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I have a "camera" in my opengl program that I recently finished. However, I've noticed that whenever I rotate and then move again, the x, y, and z angles change. For example, when I press the "w" key, I move forward along the "z" axis. If I then rotate the camera 90 degrees, when I push the "W" key, I will actually be moving right, seemingly along the "x" axis. It makes sense why this happens, I'm just wondering why its happening. Here's the rotation function:

private void camera() {
    glRotatef(xrot, 1.0f, 0.0f, 0.0f);
    glRotatef(yrot, 0.0f, 1.0f, 0.0f);

The keyboard function:

if (Keyboard.isKeyDown(Keyboard.KEY_D)) {
        xpos -= 0.035 * delta;

    if (Keyboard.isKeyDown(Keyboard.KEY_A)) {
        xpos += 0.035 * delta;

    if (Keyboard.isKeyDown(Keyboard.KEY_W)) {
        zpos += 0.03f * delta;

    if (Keyboard.isKeyDown(Keyboard.KEY_S)) {
        zpos -= 0.035 * delta;
if (Keyboard.isKeyDown(Keyboard.KEY_UP)) {
        xrot += 0.035;
        if (xrot > 360) {
            xrot -= 360;

    if (Keyboard.isKeyDown(Keyboard.KEY_DOWN)) {
        xrot -= 0.035;
        if (xrot > 360) {
            xrot += 360;

    if (Keyboard.isKeyDown(Keyboard.KEY_RIGHT)) {
        yrot += 0.035;
        if (xrot > 360) {
            xrot -= 360;

    if (Keyboard.isKeyDown(Keyboard.KEY_LEFT)) {
        yrot -= 0.035;
        if (xrot > 360) {
            xrot += 360;


And my translate function:

        glTranslated(xpos, ypos, zpos - 30);

any ideas on how to solve this? I would be very grateful

share|improve this question

closed as too localized by Sean Middleditch, Trevor Powell, Arcane Engineer, Josh Petrie, michael.bartnett Jan 9 '13 at 7:11

This question is unlikely to help any future visitors; it is only relevant to a small geographic area, a specific moment in time, or an extraordinarily narrow situation that is not generally applicable to the worldwide audience of the internet. For help making this question more broadly applicable, visit the help center.If this question can be reworded to fit the rules in the help center, please edit the question.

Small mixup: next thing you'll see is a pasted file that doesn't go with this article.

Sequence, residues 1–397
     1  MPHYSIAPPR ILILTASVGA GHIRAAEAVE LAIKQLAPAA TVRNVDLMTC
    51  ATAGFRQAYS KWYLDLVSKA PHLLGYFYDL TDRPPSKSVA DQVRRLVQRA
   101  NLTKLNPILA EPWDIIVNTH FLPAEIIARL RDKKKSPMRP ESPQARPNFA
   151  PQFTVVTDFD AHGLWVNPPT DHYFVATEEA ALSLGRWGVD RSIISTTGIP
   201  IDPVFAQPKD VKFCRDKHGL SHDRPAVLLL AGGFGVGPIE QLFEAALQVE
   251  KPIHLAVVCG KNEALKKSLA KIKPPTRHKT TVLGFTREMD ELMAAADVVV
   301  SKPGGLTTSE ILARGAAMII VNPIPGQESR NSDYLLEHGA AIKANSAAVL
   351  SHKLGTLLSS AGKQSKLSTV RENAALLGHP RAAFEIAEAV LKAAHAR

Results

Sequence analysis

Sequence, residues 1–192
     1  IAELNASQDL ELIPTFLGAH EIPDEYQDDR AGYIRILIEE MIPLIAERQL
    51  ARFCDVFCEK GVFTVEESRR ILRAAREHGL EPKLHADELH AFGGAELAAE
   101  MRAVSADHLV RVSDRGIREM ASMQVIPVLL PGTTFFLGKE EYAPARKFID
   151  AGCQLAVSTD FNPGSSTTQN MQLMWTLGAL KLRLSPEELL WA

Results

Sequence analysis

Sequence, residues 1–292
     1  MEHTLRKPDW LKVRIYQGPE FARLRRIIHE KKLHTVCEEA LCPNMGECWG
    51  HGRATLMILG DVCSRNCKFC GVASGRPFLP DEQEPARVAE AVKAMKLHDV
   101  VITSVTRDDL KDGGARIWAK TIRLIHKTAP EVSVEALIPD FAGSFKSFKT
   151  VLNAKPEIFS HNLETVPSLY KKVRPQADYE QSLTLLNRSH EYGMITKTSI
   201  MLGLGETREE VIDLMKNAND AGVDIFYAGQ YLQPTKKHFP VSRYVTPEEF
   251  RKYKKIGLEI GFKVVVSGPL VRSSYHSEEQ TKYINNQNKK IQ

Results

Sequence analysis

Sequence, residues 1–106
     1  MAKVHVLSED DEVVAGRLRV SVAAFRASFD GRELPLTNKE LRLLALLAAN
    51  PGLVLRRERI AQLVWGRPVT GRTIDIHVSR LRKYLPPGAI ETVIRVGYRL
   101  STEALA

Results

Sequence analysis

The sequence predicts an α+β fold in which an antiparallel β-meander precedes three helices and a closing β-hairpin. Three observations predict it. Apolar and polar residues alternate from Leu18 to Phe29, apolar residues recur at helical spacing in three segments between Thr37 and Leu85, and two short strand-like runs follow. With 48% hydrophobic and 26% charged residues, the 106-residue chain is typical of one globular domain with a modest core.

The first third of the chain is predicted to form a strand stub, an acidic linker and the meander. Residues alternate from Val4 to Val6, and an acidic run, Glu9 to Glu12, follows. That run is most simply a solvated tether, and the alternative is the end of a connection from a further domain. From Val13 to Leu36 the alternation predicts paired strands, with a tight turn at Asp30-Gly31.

That is possibly the most annoying thing you could say. ITS NOT. – opiop65 Dec 29 '12 at 12:45
That question includes explicit code examples to do what you want. The only original bit of your question comes down to debugging your code for you, which is not what GDSE is for. If I'm wrong, which is quite possible, that's fine as nobody else will give the other 4 required votes to close, and you're good. No need to snip at me for it. :) – Sean Middleditch Dec 29 '12 at 16:40
Yeah I'm sorry, I shouldn't have snapped at you! – opiop65 Dec 29 '12 at 21:24
Note that your code is also full of elementary coding bugs: if (xrot > 360) xrot += 360 doesn't make sense, you want if (xrot < 0) when you're subtracting from xrot. And later on in the left/right case you update yrot then you check xrot for overflow. – sam hocevar Jan 2 '13 at 9:37
up vote 1 down vote accepted

What you're not doing is rotating your x- and y-positions based on which direction your player is pointed. (note that this depends solely on your z-angle, and not on the x and y axes)

You will need to perform your manipulations on a pair of variables that get rotated after all the keys are checked, which also means you'll need to calculate the rotation with good-old sines and cosines.
(note that you'll also need to handle things carefully if you have any slopes whatsoever. Having the player move smoothly up and down them is extremely important for a good user-experience)

The code is relatively simple:

// Process the motion commands as normal

// Now rotate the raw values:
final_dx = raw_dx*cos(rot_z) + raw_dy*sin(rot_z);
final_dy = raw_dx*sin(rot_z) + raw_dy*cos(rot_z);

Note that you may have to change a few signs around (ie, multiply by -1) to make sure that the rotations line things up properly.

share|improve this answer
Yeah I realized this as soon as I went to bed last night :/ raw_dy is the originaly variable right? Thanks for your help! – opiop65 Dec 29 '12 at 12:47
What I meant was raw_dy is my xpos variable, which is my position varibale. – opiop65 Dec 29 '12 at 12:59
And I don't have a rot_z variable variable, only a rot_x and rot_y. Is it ok if my rot_z is just set equal to 0? – opiop65 Dec 29 '12 at 13:01
Whoops. I forgot, you're probably using Y as your vertical axis, right? Then you'll need to swap the Ys and Zs in the code I gave. – Raceimaztion Dec 29 '12 at 20:28
Thanks! I actually figured it out using a different method, but your way is by far the most simple and easiest way to do it, thank you! – opiop65 Dec 29 '12 at 21:23

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